22 June

THE STORY OF THE GHOST DANCER PHOTOGRAPH

 

Lately people have been asking me about the story behind the photo of the woman on the cover of my book, The Ghost Dance. For me, the photo tells a tale of courageous beauty and the triumph of the female spirit in the face of tragedy. This is the heart of the Ghost Dance.

The story of the photo began in 1987 when the Brazilian news media created a gold rush that sent hundreds of gold miners across the border into Venezuela’s Amazon jungle searching for the riches of El Dorado. Financed by Canadian mining companies and wealthy Brazilian developers, landing strips were cut out of the jungle and gold miners soon arrived on planes and helicopters. Almost immediately they began to pollute the virgin forest with mercury and explosives, showing no mercy for the indigenous people or the land. Even though the Venezuelan Government was furious over the clandestine invasion, which threatened the Yanomami, the last intact tribal nation on earth, they did little, fearing the might of the US backed Brazilian military.

 

With automatic weapons supplied by the developers, the Brazilian gold miners kidnapped Yanomami girls as young as ten years old who they forced into prostitution in the gold camps. When the girls were too ravaged to continue, the miners released them into the jungle where they were accepted back into their villages. Unfortunately, the girls had contracted infectious diseases from the gold miners and unknowingly infected their tribes. A year after the gold rush began, a full-blown epidemic broke out among the Yanomami, killing off large percentages of the indigenous population.

There were too many dead to cremate, so the bodies were hung from the trees along the Ocamo River in an attempt to keep them out of the reach of scavenging animals. This was an eerie image, as if the bodies were strange, decaying fruit filling the jungle with their scent of death. I had entered the very heart of darkness and the sheer sadness was beyond anything I could have imagined.

In 1990, the Yanomami woman whose photograph is now on the cover of my book, “The Ghost Dance,” seemingly fell dead on the Alto Ocamo River above the Puda Putaco confluent. At the time we were too busy trying to keep the living alive to pay much attention to someone who had already died. But later, when I thought back on what occurred, I wondered if she had suffered a brain aneurism.

Almost an hour after I watched her hit the mud, the woman began to spasm and then appeared to come back to life, which scared the hell out of the Yanomami. Then she got up and began washing herself with dirt, saying in Yanomami that she needed to wash the fumes of the “Xawara” (disease,) off of her. This immediately caught my attention because the Plains Tribes of North America did the exact same thing when they Ghost Danced. I took out my camera, something I rarely did in these types of situations.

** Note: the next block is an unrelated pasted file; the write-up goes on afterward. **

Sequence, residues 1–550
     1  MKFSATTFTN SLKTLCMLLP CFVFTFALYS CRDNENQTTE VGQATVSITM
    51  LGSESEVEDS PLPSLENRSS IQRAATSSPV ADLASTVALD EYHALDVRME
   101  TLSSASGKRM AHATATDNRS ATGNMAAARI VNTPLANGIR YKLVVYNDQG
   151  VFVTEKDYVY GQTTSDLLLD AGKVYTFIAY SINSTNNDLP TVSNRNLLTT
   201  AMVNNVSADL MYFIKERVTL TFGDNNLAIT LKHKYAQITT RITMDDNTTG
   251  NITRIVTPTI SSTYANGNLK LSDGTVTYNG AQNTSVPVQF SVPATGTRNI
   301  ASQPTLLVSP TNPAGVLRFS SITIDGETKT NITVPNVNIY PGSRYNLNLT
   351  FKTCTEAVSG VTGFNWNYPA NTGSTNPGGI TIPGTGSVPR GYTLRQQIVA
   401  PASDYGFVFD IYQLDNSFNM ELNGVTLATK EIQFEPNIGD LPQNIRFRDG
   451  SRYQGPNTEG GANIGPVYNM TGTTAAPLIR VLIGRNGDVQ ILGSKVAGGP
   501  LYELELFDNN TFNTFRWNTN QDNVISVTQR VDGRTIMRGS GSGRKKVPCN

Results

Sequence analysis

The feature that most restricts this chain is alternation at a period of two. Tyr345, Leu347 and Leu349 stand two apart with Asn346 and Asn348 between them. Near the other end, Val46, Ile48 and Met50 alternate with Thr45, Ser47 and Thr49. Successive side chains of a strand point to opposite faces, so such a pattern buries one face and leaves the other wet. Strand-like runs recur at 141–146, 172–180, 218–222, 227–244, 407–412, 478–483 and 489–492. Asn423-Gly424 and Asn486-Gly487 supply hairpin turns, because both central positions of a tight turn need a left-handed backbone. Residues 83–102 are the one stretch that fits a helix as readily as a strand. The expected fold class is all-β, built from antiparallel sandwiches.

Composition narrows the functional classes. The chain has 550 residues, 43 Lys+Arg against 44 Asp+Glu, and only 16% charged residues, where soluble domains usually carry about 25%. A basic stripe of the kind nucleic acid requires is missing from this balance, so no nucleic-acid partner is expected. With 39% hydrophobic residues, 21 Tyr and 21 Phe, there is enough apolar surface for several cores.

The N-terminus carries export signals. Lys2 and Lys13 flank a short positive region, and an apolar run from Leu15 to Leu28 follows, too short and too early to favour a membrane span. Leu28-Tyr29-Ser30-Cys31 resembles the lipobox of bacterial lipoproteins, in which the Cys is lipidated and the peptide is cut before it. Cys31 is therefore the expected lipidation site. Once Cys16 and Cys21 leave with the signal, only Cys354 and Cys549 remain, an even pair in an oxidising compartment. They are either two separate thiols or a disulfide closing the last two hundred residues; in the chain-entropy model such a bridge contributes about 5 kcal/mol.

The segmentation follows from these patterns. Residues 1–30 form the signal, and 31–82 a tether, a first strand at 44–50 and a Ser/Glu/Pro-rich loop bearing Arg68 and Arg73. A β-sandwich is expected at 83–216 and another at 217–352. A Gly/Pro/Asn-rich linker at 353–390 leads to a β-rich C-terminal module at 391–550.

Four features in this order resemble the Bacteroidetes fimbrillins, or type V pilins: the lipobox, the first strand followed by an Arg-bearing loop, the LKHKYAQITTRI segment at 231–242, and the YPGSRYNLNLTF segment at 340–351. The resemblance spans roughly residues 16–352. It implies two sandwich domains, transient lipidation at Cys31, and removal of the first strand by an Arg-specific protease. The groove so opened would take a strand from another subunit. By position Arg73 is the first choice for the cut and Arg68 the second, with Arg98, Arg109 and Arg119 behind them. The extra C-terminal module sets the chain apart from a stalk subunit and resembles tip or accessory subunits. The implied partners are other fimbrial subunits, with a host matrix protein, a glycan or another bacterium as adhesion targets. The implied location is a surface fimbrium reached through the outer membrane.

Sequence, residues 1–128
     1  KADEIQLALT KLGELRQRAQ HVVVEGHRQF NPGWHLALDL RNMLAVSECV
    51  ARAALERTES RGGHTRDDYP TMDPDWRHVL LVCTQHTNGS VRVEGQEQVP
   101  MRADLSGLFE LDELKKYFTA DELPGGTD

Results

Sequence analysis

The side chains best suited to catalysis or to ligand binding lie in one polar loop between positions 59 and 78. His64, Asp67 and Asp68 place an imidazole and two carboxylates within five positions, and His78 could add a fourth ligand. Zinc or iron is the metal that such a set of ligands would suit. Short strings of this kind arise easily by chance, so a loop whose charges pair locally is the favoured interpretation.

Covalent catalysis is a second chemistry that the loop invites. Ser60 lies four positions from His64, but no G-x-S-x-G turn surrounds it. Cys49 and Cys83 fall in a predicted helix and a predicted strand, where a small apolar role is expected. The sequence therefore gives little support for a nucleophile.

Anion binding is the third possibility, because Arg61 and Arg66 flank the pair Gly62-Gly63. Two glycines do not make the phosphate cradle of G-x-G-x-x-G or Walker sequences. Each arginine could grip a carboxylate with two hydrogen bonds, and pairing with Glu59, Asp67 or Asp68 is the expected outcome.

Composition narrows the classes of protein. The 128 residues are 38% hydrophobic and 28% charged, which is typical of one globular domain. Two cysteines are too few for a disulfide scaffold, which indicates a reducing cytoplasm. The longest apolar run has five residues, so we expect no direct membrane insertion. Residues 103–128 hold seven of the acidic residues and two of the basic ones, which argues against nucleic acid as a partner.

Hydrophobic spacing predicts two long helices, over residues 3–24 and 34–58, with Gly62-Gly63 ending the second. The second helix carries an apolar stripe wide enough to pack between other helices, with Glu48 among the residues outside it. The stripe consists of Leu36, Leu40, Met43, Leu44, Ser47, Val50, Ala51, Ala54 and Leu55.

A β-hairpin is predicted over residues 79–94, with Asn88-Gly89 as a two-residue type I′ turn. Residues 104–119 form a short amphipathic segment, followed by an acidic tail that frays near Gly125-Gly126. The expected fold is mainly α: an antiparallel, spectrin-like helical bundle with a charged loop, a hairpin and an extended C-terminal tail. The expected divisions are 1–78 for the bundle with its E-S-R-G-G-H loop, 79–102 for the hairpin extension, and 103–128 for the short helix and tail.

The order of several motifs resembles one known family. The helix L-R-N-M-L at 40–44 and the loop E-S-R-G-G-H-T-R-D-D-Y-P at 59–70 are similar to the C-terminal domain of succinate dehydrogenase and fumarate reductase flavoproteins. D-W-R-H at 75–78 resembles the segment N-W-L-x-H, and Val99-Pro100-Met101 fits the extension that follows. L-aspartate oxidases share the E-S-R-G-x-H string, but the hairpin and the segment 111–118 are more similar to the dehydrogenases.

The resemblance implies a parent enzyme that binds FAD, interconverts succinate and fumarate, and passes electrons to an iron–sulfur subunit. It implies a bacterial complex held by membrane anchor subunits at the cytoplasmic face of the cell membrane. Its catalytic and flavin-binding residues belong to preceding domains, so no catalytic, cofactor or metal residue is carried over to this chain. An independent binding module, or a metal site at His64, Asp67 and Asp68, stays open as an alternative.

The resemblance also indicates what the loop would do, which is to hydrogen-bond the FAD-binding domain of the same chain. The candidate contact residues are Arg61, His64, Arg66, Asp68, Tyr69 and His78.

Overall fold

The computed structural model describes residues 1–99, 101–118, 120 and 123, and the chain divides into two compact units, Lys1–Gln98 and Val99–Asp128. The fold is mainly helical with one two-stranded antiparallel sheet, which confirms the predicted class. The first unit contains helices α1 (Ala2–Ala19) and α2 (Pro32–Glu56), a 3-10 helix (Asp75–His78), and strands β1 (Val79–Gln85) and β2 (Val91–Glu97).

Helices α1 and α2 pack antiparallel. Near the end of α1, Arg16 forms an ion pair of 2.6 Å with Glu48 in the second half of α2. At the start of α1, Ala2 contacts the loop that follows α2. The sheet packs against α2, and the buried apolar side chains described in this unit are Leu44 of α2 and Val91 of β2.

At first her steps were awkward and spasmodic as she chanted, “I can see the bleeding eye-balls of my dead relations all around me. Yomawe help us survive the evil spell your brother Omave has accidently brought back from the land of the dead.”

Animated by the death wails of those who had survived, woman’s steps became a thing of grace and beauty as her dance took flight. Purely by accident, I snapped the photograph at the very moment her spirit rose up, capturing the essence of who she was. Then the shadow of night fell like a cloak upon the Yanomami woman and her Ghost Dance became darkly surreal, backlit and illuminated by the ritual cremation of the dead.

All the way up the Alto Ocamo, funeral piers burned in abundance like the stars in the sky. In the village where the woman continued to Ghost Dance, a medicine man’s body, wrapped in his hammock, was placed on a funeral pier to burn. A crackle sent sparks and ambers flying as the medicine man contracted and sat up in the towering flames of his funeral pier. This last action attracted everyone’s attention, including my own, and we all joined the lady in her Ghost Dance, calling for Yomawe to remove the evil stench of disease that they thought the helicopter had brought.

So this is why I put that image on the cover. Today, there exist few, if any photographs of pre-reservation era Native Americans Ghost Dancing. I was astonished that from thousands of miles away, (although still in the Americas,) there were native people ghost dancing just as the North American native people danced when introduced diseases came to wipe them off the face of the earth. It gives me hope that the Yanomami are still there and through this image, the Yanomami Ghost Dancer is still keeping the ritual alive.